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#A Brief History of Dance in Film

#A Brief History of Dance in Film

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  • June 23, 2020

Here’s a montage celebrating 125 years of one of the greatest artistic team-ups of all time: dance and film.

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Everyone can dance. Sure, some limber folks may be more refined than others, but the fact remains: dancing is an innately human thing. We’ve always done it. Always will. And ever since we’ve had the technology, we’ve been capturing dance on film. From the Lumiere brothers’ Danse Serpentine, to whatever the hell Crispin Glover was doing in Friday the 13th: The Final Chapter, dancing and film were made for each other. Plain and simple.

Comprised of over three-hundred-and-sixty films, spanning one-hundred-and-twenty-five years of cinema, and set to the pensive end title song from Cloud Atlas, here’s a montage celebrating the enduring relationship between the moving image and moving bodies.

You can watch “Dancers in the Dark – A Brief History of Dance in Film ” here:

Who made this?

Jace, a.k.a  BREADSWORD is an L.A. based video essayist who specializes in long-form nostalgia-tinged love letters to traditionally ignored animation features like Treasure Planet, The Cat in the Hat, and The Road to El Dorado. (Making the above video something of a deviation from the norm). Impeccably edited and smoother than butter, BREADSWORD essays boast an unparalleled relaxed fit and an expensive narrative tone that starkly contrasts the sing-songy “video essay voice” that has become so prevalent. Essays like this take a lot of time to put together and somehow BREADSWORD makes it all look effortless. You can subscribe to them on YouTube here. And you can follow them on Twitter here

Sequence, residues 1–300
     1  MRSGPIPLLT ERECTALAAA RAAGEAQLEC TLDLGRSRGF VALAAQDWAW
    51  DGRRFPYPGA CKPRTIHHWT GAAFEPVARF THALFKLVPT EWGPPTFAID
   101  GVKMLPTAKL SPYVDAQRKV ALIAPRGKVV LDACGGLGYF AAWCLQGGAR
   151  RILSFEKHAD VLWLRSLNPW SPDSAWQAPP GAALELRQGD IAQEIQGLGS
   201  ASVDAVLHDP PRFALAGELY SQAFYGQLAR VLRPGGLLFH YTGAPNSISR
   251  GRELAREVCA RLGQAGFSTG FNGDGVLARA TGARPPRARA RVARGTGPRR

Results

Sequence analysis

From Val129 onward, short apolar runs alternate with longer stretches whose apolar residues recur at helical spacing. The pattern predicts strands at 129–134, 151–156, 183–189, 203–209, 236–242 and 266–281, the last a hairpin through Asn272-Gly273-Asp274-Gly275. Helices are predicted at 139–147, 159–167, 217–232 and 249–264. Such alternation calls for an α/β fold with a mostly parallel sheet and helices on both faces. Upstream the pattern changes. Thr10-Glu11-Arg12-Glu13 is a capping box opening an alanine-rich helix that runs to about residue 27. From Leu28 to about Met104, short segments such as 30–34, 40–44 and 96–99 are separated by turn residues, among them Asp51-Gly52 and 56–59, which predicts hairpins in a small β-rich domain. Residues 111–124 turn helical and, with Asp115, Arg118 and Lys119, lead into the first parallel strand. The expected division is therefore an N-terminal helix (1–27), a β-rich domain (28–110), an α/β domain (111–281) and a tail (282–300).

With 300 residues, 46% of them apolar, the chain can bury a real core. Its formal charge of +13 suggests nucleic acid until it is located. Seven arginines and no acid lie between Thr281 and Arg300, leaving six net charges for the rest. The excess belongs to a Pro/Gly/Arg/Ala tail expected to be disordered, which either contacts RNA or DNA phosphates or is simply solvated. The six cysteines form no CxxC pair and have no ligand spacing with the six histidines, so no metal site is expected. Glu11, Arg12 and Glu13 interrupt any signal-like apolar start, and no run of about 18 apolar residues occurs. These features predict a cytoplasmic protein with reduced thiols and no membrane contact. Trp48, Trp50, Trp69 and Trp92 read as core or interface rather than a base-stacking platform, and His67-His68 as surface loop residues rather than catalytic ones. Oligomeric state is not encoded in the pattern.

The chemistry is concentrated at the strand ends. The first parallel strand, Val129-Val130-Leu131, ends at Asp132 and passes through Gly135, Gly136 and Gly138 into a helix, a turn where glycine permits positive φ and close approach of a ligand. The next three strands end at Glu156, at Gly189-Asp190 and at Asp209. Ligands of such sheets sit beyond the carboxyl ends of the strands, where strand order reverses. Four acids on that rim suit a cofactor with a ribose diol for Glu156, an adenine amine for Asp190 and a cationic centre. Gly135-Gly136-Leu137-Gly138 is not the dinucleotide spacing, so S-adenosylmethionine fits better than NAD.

More Videos Like This

  • If you haven’t seen BREADSWORDs video on Treasure Planet you might want to fix that
  • Here’s a video from Fandor on the endurance of one of the absolute kings of film dancing, Singing in the Rain
  • Not all BREADSWORD videos are 30-60 minutes, they have a series called “3-minute Love Letters” and I vibe real hard with their video on the best Scooby-Doo DTV feature: Scooby-Doo on Zombie Island
  • A montage of dance and movement in the films of Yorgos Lanthimos
  • There’s dancing in film and there are films about dance: here’s the Criterion Collection trailer for Wim Wenders’ masterpiece Pina


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